We have now concluded a careful appraisal of your child’s achievements and attainment in Spanish so far, and are in a position to make a strong recommendation that they either join the GCSE Spanish group, or the Spanish+ group. You will shortly receive confirmation as to which of the two groups your child will be placed in, and Crew Leaders will be able to answer most questions that you might have.
In the event that you wish to discuss the recommendations further, or have any questions that Crew Leaders cannot answer, then please contact Mrs Sprakes in the first instance.
Year 8 students have been experimenting with oil pastels this term in their art sessions to create some beautiful sunset inspired blends. Can’t wait to see the finished pieces.
Staff and students at XP came out in force sporting their Christmas jumpers today to raise money for ‘Save the Children’.
Pupils were in good spirits as you can see from the photos taken at this mornings community meeting.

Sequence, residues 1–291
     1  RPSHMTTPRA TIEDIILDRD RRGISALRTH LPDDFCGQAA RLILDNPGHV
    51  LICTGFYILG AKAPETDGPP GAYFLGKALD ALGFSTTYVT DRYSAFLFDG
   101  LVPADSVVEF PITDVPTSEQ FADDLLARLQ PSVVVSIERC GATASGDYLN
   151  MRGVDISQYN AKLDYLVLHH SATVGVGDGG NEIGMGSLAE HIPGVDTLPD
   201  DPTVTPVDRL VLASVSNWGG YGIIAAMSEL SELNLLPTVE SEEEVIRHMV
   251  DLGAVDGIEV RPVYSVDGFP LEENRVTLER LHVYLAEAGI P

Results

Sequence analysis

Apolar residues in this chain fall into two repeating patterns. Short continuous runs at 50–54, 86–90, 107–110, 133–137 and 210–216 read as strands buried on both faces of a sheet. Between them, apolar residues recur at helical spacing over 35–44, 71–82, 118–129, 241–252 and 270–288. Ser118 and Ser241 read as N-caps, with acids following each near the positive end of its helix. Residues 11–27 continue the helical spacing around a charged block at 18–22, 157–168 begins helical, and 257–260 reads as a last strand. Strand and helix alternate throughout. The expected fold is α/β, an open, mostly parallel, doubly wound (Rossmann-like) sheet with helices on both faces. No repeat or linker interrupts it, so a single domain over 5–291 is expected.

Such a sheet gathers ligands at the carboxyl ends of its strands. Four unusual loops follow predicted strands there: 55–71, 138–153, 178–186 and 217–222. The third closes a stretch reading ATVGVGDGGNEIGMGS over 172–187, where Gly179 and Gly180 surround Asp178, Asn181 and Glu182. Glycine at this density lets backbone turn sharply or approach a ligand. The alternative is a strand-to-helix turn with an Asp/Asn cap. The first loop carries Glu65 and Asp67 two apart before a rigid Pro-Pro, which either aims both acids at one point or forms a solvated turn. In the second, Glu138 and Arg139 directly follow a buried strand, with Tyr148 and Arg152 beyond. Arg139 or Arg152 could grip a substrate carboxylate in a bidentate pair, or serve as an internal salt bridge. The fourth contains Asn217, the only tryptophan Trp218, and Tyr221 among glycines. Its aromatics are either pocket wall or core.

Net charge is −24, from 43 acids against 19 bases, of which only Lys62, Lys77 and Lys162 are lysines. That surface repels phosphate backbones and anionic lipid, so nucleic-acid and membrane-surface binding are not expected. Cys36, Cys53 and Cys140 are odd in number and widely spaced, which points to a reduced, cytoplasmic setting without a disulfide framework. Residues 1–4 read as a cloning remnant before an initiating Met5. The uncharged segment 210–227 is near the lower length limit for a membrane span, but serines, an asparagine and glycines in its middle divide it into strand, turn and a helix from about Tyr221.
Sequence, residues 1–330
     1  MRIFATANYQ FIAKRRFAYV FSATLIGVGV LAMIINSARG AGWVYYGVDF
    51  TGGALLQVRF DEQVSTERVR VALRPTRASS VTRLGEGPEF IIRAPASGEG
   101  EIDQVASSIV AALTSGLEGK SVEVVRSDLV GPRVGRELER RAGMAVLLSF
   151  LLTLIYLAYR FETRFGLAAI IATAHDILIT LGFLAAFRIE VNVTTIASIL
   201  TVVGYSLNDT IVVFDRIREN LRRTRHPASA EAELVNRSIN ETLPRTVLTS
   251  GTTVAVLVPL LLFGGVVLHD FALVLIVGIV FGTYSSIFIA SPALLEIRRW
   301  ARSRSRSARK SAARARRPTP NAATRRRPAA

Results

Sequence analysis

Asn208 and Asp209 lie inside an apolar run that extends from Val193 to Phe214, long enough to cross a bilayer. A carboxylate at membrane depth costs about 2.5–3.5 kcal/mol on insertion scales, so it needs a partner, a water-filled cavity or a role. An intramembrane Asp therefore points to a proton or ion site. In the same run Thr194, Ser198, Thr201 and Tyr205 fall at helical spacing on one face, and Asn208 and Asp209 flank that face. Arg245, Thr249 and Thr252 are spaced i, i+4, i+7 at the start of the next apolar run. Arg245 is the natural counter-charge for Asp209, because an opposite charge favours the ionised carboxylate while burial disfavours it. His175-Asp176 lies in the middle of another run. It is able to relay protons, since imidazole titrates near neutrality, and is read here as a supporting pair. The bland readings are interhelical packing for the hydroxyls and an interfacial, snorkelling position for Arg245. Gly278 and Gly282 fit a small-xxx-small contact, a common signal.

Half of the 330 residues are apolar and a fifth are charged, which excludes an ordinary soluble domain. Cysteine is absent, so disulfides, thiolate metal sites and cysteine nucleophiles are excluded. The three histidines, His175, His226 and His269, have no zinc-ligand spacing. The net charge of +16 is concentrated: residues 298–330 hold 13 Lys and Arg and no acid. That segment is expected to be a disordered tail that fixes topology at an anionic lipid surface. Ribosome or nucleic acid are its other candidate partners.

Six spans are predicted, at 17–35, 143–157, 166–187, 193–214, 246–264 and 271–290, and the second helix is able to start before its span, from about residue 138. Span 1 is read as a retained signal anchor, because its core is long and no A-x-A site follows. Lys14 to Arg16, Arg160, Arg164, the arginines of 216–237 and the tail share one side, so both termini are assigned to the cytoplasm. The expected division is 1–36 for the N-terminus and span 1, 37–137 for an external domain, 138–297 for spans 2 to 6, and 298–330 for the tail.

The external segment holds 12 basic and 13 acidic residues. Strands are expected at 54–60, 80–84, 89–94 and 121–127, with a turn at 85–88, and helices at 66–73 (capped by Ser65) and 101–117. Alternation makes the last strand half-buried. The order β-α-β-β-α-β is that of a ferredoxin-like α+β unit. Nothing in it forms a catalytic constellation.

I will announce the total amount of money raised when it has been counted.
I would like to take this opportunity to thank everyone for joining in and raising money for a very worthy cause.
Well done XP!
In X25 students have been studying Lee’s Push and Pull Theory of Migration. Students were given different scenarios in order for them to make a decision of wether they would decide to migrate or not.
Two stand out students in X25 were Beth and Georgia would worked incredibly hard together to complete their answers to question. Georgia also showed great courage standing up in front of the class and explaining the model in one minute.
Excellent work girls! Keep it up!
With a few hints, clues and a quick game of hangman, X24 students successfully identified all the components of the new expedition.